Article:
Chemotalk Newsletter

Chemotalk Newsletter, Vol. 56: December 1, 2012

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At last, no more political ads! How long do you think we have before it starts all over again? And on that note, some REALLY positive news .... (Okay, it's a start. A good one:)


By Andrew Pollack

In an unusual move a big drug company said that it would effectively cut in half the price of a new cancer drug after a leading cancer center said it would not use the drug because it was too expensive.

The move -- announced by Sanofi for the COLON CANCER drug Zaltrap -- could be a sign of resistance to the unfettered increase in the prices of cancer drugs, some of which cost more than $100,000 a year and increase survival by a few month at best.

Zaltrap came to market at a price of about $11,000 a month. Soon after, Memorial loan-Kettering Cancer Center in New York decided not to use the drug, saying it was twice a expensive but no more effective than a similar medicine, Avastin from Genentech. Both drugs improved median survival by 1.4 months, doctors there said.

"Ignoring the cost of care is no longer tenable," according to three S-K doctors who posted their opinion in a recent Op-Ed piece. "Soaring spending has presented the medical community with a new obligation. When choosing treatments for patients, we have to consider the financial strains they may cause alongside the benefits they may deliver."

Sanofi executives argued that the price they had set was very similar to that of Avastin. "The intent was not to charge a premium," Christopher A Viehbacher, the chief executive of Sanofi, said in an interview. Sloan-Kettering, he said, was basing the price comparison on a dose of Avastin that was half the dose Sanofi used in its own comparison.

Sanofi ultimately backed down, saying "We believe that Zaltrap is priced competitively as used in real-world situations," it said in a statement. "However, we recognize that there was some market resistance to the perceived relative price of Zaltrap in the U.S. -- especially in light of low awareness of Zaltrap in the U.S. market. As such, we are taking immediate action across the U.S. oncology community to reduce the net cost of Zaltrap."

The move was first reported in The Cancer Letter, a newsletter about cancer issues.

Sanofi said it would not change the official price of Zaltrap but would offer discounts of about 50%. Zaltrap, which is given intravenously is not bought directly by patients but I sold to doctors or hospitals, which administer it. The cost is then reimbursed by Medicare or private insurers. Patients could be liable for a co-payment.

Dr. Leonard B. Saltz, chief of gastrointestinal oncology at Sloan-Kettering, said Sanofi's offer of discounts "doesn't really address the problem from our perspective" because Medicare reimbursement an patient co-payments would still be based on the higher list price at least for several more months.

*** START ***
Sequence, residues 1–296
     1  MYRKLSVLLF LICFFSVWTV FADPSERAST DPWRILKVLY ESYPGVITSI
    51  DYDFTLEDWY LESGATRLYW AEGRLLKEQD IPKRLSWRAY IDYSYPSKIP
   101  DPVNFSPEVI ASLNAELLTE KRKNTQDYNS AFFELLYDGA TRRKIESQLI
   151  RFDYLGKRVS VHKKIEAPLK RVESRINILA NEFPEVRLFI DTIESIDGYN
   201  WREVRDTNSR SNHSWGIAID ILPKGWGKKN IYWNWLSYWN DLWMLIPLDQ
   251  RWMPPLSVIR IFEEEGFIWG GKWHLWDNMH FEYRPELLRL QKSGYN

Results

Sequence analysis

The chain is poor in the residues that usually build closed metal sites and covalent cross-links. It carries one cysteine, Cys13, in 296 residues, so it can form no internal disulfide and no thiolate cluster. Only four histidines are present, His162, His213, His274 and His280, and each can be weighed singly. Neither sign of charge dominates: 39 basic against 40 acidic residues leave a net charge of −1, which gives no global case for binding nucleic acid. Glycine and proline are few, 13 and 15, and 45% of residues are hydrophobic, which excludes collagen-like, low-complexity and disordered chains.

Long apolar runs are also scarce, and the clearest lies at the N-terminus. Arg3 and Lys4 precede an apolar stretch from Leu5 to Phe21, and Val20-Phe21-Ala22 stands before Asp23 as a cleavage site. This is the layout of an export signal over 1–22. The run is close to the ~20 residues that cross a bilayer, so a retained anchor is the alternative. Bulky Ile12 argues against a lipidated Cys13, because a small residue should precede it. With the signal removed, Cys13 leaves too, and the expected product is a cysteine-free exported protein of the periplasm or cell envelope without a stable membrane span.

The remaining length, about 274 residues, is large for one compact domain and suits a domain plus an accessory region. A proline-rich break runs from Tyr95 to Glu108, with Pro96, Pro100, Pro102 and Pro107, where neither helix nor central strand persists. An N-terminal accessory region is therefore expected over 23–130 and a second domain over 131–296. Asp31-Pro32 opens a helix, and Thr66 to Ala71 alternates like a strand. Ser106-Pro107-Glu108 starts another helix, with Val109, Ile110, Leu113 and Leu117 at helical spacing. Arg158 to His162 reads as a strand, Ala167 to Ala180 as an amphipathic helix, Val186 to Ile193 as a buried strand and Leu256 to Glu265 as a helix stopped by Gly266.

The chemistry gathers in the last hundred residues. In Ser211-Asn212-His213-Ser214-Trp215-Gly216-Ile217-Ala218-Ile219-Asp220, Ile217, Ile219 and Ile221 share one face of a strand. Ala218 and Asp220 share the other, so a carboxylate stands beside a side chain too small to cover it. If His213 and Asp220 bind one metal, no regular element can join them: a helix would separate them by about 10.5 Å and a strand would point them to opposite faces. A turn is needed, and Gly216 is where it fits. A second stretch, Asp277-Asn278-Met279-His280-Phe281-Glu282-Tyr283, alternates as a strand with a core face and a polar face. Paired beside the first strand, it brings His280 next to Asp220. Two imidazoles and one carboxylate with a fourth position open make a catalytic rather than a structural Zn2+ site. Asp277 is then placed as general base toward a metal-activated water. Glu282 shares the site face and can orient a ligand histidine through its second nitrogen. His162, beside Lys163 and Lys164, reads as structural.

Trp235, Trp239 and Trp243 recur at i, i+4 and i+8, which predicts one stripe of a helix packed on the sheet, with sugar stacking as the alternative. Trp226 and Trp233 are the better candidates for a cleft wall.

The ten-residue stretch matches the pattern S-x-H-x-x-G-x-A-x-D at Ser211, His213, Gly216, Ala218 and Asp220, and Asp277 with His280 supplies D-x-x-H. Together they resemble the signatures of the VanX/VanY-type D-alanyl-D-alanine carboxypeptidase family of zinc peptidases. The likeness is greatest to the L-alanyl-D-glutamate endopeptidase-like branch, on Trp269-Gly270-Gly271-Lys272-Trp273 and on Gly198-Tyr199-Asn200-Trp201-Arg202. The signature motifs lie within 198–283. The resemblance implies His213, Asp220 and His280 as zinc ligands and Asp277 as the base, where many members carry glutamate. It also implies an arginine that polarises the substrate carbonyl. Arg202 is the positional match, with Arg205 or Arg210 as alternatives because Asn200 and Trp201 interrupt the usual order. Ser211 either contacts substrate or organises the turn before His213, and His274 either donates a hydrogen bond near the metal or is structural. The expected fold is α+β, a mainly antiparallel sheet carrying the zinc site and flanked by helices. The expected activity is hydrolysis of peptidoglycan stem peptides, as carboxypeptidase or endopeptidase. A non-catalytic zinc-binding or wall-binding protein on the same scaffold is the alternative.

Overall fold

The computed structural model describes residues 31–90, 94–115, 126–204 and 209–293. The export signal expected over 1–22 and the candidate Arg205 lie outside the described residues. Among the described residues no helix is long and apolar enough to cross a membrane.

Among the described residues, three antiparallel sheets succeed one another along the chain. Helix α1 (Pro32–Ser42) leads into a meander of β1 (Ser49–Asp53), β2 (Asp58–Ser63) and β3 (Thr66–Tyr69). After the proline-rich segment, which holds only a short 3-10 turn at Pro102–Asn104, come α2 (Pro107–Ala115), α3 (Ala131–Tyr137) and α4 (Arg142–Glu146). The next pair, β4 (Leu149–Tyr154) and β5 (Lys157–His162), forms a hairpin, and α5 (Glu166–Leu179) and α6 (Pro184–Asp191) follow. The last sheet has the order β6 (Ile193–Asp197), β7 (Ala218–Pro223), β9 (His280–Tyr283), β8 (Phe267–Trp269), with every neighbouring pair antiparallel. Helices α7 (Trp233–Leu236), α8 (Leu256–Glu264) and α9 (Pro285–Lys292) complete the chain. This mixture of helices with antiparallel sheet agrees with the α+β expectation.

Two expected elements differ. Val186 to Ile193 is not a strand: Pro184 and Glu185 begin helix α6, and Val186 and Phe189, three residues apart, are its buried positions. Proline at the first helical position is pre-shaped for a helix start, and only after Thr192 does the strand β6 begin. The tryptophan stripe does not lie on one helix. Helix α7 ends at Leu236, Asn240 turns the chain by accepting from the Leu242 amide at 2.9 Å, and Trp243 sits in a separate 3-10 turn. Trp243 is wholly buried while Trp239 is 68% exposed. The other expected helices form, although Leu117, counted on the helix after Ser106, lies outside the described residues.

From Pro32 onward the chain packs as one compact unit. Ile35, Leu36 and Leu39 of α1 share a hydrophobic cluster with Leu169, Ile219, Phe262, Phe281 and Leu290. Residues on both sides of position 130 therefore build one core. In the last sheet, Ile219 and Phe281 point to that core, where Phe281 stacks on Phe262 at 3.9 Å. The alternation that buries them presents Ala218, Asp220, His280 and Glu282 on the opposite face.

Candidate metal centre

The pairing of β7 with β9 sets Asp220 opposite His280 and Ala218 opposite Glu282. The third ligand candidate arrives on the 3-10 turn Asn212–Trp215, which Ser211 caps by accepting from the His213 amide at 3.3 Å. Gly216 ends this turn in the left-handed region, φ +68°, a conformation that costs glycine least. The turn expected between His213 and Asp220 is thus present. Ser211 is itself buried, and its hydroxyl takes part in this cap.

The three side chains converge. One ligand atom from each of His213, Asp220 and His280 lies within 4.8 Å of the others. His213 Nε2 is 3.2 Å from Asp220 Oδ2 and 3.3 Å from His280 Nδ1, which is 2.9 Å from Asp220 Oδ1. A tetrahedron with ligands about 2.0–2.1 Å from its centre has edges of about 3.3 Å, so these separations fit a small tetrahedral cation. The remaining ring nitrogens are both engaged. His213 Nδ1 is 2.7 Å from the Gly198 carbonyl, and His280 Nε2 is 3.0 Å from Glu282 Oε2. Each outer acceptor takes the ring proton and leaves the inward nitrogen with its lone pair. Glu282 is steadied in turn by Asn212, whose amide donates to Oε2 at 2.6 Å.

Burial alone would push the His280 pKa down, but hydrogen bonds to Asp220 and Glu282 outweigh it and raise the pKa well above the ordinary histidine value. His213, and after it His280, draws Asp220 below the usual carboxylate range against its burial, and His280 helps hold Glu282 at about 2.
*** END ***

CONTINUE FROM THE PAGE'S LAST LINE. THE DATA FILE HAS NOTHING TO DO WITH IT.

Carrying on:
Also, he said, the discounts could give doctor and hospital an incentive to use Zaltrap because they could profit from the difference between the discounted price they pay for the drug and the higher price at which they are reimbursed by insurers.

Dr Saltz said even at the lower price he did not foresee Sloan-Kettering doctors using Zaltrap because it was no better than Avastin and might be more toxic.

Dr Saltz is now a consultant at Genentech and has been one to Sanofi.

Zaltrap, developed by Sanofi and Regeneron Pharmaceuticals a biotechnology company in Tarrytown, N.Y, was approved by the Food and Drug Administration in August for use as a second-line treatment for COLORECTAL CANCER, meaning after an initial regimen had stopped working. Like Avastin, Zaltrap ipedes the formation of bloos vessels that nourish cancer cells.

Dr. Peter B. Bach, director of the Center for Health Policy and Outcomes at Sloan-Kettering, said the price of Zaltrap reflected a bigger problem -- that over all there was little relation between drug prices and the value they provided.

"Normal markets wouldn't behave like this," he said. "You couldn't introduce something twice as expensive and no better an still sell it."

Dr. Lee Newcomer senior vice president for oncology at United Healthcare, said it was the first time he could recall a company cutting the price of a cancer drug so much. "It was the first time physician have stood up and said 'Enough is enough,'" he said. "And I think that was a watershed moment."

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Australian biotech startup MiReven says it has produced encouraging preclinical results using a microRNA substance in conjunction with a Roche/Genentech drug to treat HEAD AND NECK CANCER.

Researchers from the Western Australian Institute for Medical Research pursued the work regarding miR-7's cancer-fighting ability. (MiReven's core technology is licensed from initial work conducted at the institute.)

They explored two options: How well miR-7 could restrict head and neck cancer growth in vivo, and the effectiveness of doing the same thing, in vitro, by combining miR-7 with the Roche/Genentech drug erlotinib (Tarceva). Erlotinib inhibits epidermal growth factor (EGF), which is an effective treatment in between 20% and 30% of patients with head and neck cancer. The idea is that miR-7 can knock out the EGF receptor, an essential element that sustains cancer and can make it resistant to both CHEMOTHERAPY and radiation.